Dec. 13 – As we approach the end of 2010, annual audits loom for all foreign invested enterprises in China. The State Administration of Taxation employs a fiscal year to denote reporting requirements, and this then makes it an excellent time to consider the future of your business if still using a representative office in China.
China’s State Council recently issued new regulations to “strengthen” the administration of resident representative offices (ROs) of foreign enterprises in China. The new regulations require ROs of foreign enterprises to provide audited accounting information on a regular basis, prohibit them from conducting profit activities, and specify the relative penalties for foreign enterprises that violate the rules. As we previously advised in March, tax structuring of ROs has also changed, with ROs now being liable for deemed profit rates of 15 percent. These regulations affect foreign investors setting up representative offices in China, as well as ROs already established on the mainland as they touch on the establishment, management, permitted activities and staffing of ROs.
The main changes as affect existing representative offices are as follows:
Representative offices cannot employ in excess of four foreign staff, including the chief representative.
From this year onwards, representative offices will not be permitted to apply for tax exemption as has occasionally been the case in the past. Additionally, the SAT increased the “deemed profit tax rate” from a fixed 10 percent to a variable 15 percent to 30 percent. This has increased the amount of tax liabilities ROs usually have to pay on the sum of their costs from an average of 8.7 percent to a new minimum rate of 11 percent, depending on the specific case. Additionally, this new variable rate is determinable by the tax bureau and not by the RO, meaning that ROs are potentially at risk of the tax authorities increasing their deemed profit tax rate without prior notice. Although this is dependent upon a number of variant factors on a case by case basis, it is very likely that under the new conditions, an RO with more than 8 to 10 employees involved in quality control and/or market research is now paying more taxes then a service WFOE or a FICE involved in the same activities.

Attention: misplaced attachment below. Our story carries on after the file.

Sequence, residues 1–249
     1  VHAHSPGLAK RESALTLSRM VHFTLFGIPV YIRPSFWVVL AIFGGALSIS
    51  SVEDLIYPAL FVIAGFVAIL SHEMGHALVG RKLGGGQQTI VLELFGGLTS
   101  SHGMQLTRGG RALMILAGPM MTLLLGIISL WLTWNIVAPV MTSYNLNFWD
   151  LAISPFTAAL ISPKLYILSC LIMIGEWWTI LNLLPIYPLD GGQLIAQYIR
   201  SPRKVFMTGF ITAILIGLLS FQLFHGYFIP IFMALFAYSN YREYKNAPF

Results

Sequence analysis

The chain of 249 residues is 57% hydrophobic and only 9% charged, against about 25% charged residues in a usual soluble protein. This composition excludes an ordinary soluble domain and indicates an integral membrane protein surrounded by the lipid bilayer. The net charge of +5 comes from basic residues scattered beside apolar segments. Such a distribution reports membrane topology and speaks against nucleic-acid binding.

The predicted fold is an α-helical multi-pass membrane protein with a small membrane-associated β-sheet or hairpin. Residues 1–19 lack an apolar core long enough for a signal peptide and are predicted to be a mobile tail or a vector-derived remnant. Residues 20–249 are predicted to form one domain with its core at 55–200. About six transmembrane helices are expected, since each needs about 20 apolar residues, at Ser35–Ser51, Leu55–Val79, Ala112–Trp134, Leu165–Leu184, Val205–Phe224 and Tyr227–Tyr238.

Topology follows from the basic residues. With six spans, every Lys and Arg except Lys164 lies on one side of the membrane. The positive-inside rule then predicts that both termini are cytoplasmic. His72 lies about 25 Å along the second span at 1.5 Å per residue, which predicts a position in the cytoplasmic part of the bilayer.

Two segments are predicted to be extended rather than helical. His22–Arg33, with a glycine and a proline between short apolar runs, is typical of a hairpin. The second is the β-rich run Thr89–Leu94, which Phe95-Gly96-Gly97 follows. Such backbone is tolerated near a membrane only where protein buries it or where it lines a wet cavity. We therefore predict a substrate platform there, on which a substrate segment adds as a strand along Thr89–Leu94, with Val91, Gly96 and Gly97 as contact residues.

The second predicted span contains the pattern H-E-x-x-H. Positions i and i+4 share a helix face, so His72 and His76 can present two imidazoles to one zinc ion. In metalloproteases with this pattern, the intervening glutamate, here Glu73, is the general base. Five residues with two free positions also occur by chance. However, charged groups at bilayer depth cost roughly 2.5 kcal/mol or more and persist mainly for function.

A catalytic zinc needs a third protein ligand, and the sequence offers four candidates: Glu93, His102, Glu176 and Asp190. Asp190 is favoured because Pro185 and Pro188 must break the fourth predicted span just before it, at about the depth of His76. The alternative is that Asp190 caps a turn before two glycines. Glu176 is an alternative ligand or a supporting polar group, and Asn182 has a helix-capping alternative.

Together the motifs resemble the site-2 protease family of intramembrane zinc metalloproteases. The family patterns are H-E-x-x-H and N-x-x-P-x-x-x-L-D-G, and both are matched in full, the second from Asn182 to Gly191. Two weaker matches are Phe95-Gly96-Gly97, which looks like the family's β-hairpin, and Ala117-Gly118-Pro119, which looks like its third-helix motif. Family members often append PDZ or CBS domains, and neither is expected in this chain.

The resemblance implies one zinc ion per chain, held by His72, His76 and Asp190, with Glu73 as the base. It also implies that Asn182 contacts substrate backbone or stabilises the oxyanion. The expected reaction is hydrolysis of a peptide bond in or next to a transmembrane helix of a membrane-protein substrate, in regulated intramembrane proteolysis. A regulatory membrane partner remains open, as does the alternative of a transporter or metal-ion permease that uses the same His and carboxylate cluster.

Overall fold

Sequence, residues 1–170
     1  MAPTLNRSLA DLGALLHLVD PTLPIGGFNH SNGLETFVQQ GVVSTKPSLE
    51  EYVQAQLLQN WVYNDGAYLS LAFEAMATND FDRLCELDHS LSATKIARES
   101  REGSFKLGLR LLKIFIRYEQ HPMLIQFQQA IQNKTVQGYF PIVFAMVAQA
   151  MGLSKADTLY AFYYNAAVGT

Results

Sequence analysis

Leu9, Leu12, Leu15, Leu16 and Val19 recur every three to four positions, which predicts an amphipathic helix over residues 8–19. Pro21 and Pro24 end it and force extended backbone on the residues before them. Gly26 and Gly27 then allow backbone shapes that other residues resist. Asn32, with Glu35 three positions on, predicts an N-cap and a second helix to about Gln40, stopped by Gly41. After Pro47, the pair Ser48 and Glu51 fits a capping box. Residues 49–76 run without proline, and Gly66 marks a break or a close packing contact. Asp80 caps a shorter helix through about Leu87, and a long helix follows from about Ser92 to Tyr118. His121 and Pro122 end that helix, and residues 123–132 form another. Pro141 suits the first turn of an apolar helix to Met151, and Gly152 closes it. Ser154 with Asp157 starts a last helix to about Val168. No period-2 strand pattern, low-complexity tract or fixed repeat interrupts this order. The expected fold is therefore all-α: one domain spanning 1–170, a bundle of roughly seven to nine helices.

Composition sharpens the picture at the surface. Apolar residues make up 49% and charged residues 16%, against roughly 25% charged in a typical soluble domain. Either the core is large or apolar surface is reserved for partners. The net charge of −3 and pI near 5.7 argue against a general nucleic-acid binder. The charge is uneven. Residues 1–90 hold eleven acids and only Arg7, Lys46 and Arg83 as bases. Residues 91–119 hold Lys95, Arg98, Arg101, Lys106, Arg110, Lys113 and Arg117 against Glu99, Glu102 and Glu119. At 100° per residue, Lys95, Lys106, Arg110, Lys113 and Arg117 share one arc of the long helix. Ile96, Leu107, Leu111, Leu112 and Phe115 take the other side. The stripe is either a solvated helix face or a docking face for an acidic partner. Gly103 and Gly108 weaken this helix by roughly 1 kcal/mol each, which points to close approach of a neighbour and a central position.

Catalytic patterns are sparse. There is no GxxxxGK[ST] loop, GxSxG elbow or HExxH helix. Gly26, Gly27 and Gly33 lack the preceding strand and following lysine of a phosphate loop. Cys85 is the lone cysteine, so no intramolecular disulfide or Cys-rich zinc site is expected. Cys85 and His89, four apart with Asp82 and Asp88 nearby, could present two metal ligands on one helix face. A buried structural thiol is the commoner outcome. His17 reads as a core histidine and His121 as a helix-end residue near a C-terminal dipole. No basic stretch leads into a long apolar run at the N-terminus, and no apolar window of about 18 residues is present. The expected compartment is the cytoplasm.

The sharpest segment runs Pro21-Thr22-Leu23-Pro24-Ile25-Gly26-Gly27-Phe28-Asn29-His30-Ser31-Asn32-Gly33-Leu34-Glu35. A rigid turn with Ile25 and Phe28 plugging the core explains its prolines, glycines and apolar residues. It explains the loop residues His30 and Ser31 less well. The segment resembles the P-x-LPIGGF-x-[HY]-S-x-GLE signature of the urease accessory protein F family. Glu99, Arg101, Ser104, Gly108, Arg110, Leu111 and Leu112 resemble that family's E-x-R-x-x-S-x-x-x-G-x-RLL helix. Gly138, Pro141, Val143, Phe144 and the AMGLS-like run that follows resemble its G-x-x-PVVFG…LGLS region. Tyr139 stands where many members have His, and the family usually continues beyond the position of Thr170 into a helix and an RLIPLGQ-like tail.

It should be remembered that representative offices may also not engage in any profitable activities. This has been rather loosely monitored by the government in the past, however over the course of this year, ROs are being increasingly monitored for trading activities. If you are using your RO illegally for trading purposes, you will get caught. Punishment, which includes the serious category of tax evasion, can be severe. The China tax bureau has the power to fine up to five times any amount due, plus additional penalties for non-compliance. Foreign chief representatives should be aware that amounts due in excess of RMB10,000 in China can be classified as a criminal offense, and be subject to jail time if sufficiently serious or should fines be unpaid. The current regulatory climate in China towards foreign investors also dictates that this is not a time to be playing with the prospect of being hit with fines or jail time. It is the time to be considering getting out of such possibilities by getting into compliance.
The new guidelines for what ROs can actually do come into effect on March 1, 2011. The “Regulations on the Administration of Registration of Resident Representative Offices of Foreign Enterprises” were issued this year on November 19, and state:
“The RO cannot engage in any profit activities except for those activities which China has agreed on in international agreements or treaties. The activities ROs can be involved in include market research, display and publicity activities that relate to company products or services, contact activities that relate to company product or service sales, domestic procurement and investment. ROs will have to pay an RMB50,000 to RMB200,000 penalty for profit activity involvement, and RMB10,000 to RMB100,000 for exceeding the activity scope mentioned above.”
The new regulations reveal special concern over the degree of business undertaken by ROs as well as their valid financial records. They call for the availability of RO accounting books and forbid ROs from using the accounts of other enterprises, organizations or individuals.
If you require your China operations to directly buy and sell, have its own import/export license, and legitimately trade in China – you will need to change your current RO structure to that of a foreign invested commercial enterprise (FICE) or wholly foreign owned enterprise (WFOE) in order not to fall foul of these new regulations concerning the use of an RO.
Why change now?
There are five main reasons:
- China is clamping down on the use of ROs for trading activities and has issued directives effectively banning this
- ROs are now more expensive to operate than a FICE or WFOE
- The alternative structures of FICE and WFOE are now relatively inexpensive to set up
- To close an RO requires an audit. It is the end of 2010 and ROs have to submit audits for this year’s activities in any event. You can use your annual audit as the base for your RO closure and move to a FICE/WFOE structure without the need to go through a second audit for closure
- FICE and WFOE also have tax advantages, especially as concerns the ability to reclaim and offset VAT, and book profits/losses, which ROs are not able to do
What do I need to do?